UN Assistance Mission for Iraq (UNAMI) - Security Council VTC Briefing

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11-May-2021 02:01:25
Highlighting troubling regularity of targeted attacks in Iraq, top United Nations official briefs Security Council on pre-election landscape.

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Five months away from national elections in Iraq — a milestone event in the country’s young democracy — violent attacks against both civilian and military targets continue with “troubling” regularity, the top United Nations official in the country told the Security Council today, as delegates called for continued vigilance against terrorist activities and the enactment of economic reforms.

Jeanine Hennis-Plasschaert, Special Representative of the Secretary‑General and Head of the United Nations Assistance Mission for Iraq (UNAMI), said the elections, slated for 10 October, were a central demand of the protest movement. Yet, many of its members are being persecuted with “rampant impunity”. The assassination of prominent activist Ihab Jawad al-Wazni just two days ago by unidentified gunmen in front of his house in Karbala, is yet another tragic example.

“They may think they have silenced a voice,” she said. “The truth is: they have only amplified it. And our heart goes out to his loved ones and all of those who have lost friends and family in the fight to have their voices heard.” She also expressed condolences to those who lost friends and family members in the fire at Ibn al-Khatib hospital in Baghdad in April.

Presenting the Secretary-General’s two latest reports — on UNAMI (document S/2021/426) and on the issue of missing Kuwaiti and third-country nationals, as well as missing Kuwaiti property, including the national archives (document S/2021/395) — she said that, after intense political negotiations, the Council of Representatives approved the federal budget law for 2021. While any budget is a work of compromise, efforts to control public spending and invest in the private sector were thwarted as the law underwent parliamentary revision.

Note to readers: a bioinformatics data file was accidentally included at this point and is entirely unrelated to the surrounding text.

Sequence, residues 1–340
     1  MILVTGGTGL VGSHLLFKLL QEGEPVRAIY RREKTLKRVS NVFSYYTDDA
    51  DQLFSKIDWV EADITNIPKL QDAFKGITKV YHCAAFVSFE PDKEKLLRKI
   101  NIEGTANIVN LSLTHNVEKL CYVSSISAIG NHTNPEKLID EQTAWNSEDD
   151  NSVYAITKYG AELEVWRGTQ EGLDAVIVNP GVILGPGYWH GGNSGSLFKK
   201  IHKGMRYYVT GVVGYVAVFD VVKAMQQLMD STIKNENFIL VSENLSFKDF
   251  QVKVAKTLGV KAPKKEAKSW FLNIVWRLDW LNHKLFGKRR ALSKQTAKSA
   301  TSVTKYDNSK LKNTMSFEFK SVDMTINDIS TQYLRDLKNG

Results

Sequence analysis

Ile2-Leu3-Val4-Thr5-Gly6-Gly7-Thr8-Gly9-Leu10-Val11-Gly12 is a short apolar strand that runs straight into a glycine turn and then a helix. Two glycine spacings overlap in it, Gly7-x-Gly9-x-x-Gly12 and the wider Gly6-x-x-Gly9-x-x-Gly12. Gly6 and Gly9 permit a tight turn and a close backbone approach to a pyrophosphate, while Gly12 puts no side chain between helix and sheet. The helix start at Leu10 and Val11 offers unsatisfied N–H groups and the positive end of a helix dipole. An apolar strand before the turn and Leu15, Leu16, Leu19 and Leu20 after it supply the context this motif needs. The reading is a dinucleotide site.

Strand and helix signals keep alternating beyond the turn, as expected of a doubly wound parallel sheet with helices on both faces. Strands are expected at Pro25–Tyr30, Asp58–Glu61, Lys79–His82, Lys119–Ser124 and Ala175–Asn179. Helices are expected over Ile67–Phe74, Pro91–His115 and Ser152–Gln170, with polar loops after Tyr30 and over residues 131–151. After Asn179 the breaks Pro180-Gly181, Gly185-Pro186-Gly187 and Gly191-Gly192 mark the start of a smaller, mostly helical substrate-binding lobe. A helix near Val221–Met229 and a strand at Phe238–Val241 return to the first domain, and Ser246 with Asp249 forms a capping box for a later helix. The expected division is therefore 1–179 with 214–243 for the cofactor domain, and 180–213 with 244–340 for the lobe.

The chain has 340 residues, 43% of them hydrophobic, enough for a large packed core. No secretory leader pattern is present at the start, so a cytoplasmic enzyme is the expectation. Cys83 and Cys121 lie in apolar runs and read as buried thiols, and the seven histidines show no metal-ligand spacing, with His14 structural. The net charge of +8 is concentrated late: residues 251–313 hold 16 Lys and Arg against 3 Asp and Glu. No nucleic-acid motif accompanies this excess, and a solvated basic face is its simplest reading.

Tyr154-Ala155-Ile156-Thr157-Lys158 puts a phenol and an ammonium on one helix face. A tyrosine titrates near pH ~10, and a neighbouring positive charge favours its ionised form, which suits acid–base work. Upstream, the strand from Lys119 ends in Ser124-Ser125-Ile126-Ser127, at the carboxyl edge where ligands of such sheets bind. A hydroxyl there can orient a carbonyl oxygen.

She likewise raised concerns that Iraq remains heavily reliant on the oil sector, which accounts for 80 per cent of Government revenues under 2021 projections. Beyond COVID-19, the economic outlook will depend on both structural reform and the oil markets, she said, noting that minimal progress can be reported on the implementation of Iraq’s White Paper for Economic Reforms. “One cannot overstate the need for transparency, good governance and integrity in achieving these results,” she said. “The return on investment must benefit the Iraqi people and not illicitly flow into private pockets.”

Turning to the Baghdad-Erbil relationship, she underscored the dire need for a constitutional way forward. While parties express their willingness to come to the table, progress will remain stalled in the absence of institutionalized, regular, structured dialogue. Ambiguous wording in a revenue‑sharing deal opens the door to divergent interpretations and mutual accusations of non-compliance. “This bodes ill for the future of Baghdad-Erbil relations,” she said, calling for sustained, strategic dialogue, and clear-cut implementation mechanisms.